What Does Bronchitis Sound Like

Understanding bronchitis

Types of bronchitis

Bronchitis is a chest infection that affects the main airways of your lungs, the two bronchi. The walls of your lungs’ main airways produce mucus to trap unwanted invading pathogens and materials like dust that you breathe in to dispose of them properly. This defensive tool is turned against us in bronchitis infections, the airways become inflamed and irritated so producing more and more mucus. This causes the classic bronchitis symptoms of a persistent cough and chest aches as your body attempts to shift the thick excess mucus. Acute bronchitis is a transient chest infection that lasts up to 3 weeks in the lungs then should be fought off by your body’s natural immune defence.1 Chronic bronchitis is much more serious, it is a long-term condition classed as a chronic obstructive pulmonary disease (COPD). During chronic bronchitis, you experience bronchitis symptoms for around 3 months each year.

Usual causes of bronchitis

Bronchitis infections can be categorised by cause too. This condition can be brought on by a viral or bacterial infection in the lungs. Viral bronchitis is normally caused by a virus infiltrating the cells that line your bronchi, these are mostly the same viruses that cause common colds and flu that travel downwards to infect your lungs. Bacterial infections cause fewer amount of bronchitis cases. Viral and bacterial bronchitis infections are spread by an infected individual coughing or sneezing out pathogen-containing droplets. These can be inhaled or spread by touching surfaces where the infected droplets have landed so that the virus or bacteria can infiltrate the new host.2 Lastly, bronchitis, especially chronic bronchitis can be caused by no invading pathogen, but instead the inhalation of environmental irritants such as tobacco smoke and strong acids that will cause inflammation to the respiratory tracts.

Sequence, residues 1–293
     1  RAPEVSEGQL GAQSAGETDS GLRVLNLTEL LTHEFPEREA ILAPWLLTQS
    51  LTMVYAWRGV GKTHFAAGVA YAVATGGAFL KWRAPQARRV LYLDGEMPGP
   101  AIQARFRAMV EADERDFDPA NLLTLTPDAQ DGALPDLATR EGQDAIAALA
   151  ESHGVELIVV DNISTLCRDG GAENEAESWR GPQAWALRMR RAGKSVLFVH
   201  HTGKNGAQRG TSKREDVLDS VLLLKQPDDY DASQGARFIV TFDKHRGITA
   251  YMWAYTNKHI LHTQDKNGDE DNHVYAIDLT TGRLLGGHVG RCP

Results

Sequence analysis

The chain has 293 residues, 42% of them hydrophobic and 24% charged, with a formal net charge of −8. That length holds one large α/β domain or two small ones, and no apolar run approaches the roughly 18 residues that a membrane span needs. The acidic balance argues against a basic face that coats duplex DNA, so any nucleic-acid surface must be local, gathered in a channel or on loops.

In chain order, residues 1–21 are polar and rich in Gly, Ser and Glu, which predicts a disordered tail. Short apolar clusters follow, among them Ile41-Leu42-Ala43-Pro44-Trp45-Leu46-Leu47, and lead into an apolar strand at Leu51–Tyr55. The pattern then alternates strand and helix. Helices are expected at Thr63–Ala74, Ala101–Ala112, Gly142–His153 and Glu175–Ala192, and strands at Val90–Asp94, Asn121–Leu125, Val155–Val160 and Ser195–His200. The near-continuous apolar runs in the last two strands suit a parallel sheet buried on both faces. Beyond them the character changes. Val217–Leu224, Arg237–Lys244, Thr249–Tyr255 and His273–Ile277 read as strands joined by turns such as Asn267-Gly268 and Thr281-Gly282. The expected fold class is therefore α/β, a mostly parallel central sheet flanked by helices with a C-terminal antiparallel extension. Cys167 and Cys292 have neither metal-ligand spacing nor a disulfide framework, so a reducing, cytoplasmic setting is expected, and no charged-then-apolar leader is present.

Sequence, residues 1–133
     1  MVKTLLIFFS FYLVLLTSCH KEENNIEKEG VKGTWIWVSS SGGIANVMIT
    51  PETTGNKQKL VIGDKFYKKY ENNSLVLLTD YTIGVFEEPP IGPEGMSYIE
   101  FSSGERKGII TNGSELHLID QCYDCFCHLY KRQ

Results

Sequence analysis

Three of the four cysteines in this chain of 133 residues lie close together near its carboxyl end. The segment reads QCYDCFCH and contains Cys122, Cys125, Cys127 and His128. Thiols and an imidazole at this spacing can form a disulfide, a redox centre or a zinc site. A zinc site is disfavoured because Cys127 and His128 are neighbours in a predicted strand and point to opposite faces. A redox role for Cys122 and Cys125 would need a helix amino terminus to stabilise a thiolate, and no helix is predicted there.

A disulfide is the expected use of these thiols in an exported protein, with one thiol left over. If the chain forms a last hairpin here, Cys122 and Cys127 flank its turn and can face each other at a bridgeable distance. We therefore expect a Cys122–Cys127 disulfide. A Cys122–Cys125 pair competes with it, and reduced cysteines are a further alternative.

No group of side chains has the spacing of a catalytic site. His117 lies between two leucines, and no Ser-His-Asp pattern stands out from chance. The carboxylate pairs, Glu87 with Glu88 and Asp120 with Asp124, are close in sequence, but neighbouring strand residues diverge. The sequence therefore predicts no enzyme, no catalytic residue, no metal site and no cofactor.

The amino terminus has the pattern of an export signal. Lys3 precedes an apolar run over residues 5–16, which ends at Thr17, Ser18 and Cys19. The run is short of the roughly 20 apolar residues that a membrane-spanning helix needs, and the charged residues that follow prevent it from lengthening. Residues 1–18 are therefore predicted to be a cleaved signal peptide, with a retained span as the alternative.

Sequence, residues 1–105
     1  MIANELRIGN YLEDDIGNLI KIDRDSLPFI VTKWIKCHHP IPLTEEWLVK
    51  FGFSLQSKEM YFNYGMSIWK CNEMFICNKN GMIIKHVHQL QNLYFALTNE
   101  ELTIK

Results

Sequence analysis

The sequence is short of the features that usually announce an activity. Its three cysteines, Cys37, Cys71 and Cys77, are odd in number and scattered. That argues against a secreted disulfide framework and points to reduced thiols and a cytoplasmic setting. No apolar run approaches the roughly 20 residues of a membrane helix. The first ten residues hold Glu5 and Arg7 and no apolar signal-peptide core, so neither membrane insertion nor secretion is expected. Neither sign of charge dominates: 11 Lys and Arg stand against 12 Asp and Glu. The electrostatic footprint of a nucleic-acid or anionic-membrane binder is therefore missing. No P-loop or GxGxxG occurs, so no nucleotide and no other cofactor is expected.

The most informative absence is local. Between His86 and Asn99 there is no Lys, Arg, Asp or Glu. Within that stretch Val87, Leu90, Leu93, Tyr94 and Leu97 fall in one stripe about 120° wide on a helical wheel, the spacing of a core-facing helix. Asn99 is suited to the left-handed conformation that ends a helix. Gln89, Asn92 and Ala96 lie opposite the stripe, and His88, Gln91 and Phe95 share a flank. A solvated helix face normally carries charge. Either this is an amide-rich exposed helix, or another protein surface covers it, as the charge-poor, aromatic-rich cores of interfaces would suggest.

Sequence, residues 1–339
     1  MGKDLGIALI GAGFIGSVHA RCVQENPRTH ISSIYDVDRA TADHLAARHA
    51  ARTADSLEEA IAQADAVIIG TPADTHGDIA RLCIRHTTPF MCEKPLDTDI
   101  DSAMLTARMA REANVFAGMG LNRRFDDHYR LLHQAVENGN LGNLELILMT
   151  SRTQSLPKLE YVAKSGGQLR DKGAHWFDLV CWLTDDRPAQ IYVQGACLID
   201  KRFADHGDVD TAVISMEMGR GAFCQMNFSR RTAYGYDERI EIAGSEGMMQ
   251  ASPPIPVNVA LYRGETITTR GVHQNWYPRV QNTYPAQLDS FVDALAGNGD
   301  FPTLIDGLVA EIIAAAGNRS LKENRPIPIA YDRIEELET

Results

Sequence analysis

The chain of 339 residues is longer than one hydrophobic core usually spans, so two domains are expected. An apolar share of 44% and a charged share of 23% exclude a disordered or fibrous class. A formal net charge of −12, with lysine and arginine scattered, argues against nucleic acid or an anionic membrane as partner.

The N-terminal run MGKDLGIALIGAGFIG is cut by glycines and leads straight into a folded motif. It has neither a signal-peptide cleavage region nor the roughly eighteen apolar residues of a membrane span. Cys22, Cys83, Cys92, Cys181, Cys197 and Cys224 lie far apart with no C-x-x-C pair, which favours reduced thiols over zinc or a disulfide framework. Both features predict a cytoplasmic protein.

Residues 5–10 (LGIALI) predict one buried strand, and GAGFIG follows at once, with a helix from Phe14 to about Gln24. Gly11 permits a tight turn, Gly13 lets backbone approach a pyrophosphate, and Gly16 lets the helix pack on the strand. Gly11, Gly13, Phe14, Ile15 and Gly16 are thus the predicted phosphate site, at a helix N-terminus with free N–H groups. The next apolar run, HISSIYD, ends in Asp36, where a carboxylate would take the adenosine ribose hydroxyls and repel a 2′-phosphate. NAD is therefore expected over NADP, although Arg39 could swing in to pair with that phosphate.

Signs and symptoms

Bronchitis symptoms vary from patient to patient, these include:3

  • a persistent chesty cough
  • coughing up mucus (green/grey/yellow phlegm)
  • a sore throat
  • chest pains
  • a blocked/runny nose
  • a high temperature
  • tiredness
  • headaches
  • difficulty breathing, breathlessness, or shallow breathing
  • muscle pain (tummy muscles can start to ache after coughing so much)

What does bronchitis sound like?

Determining the type of bronchitis based on its sound 

Bronchitis is associated with a productive, raspy, chesty, wet cough. These characteristics are found due to the build-up of mucus in the lungs from airway wall irritation. Coughing is your body’s way of trying to shift the mucus. If you experience this combined with some of the other symptoms, you may have bronchitis. Upon visiting a doctor, when carrying out a physical examination of your lungs they will listen to your lungs through a stethoscope. Bronchitis will often appear as wheezing and crackles through the stethoscope.4 This examination is mostly to rule out more serious lung conditions like pneumonia (in which symptoms often overlap with those of bronchitis). Pneumonia, unlike bronchitis, is associated with Ronchi (a low-pitched ongoing lung sound), bronchial breath sounds (indicating fluid consolidating the lungs), crackles and wheezing.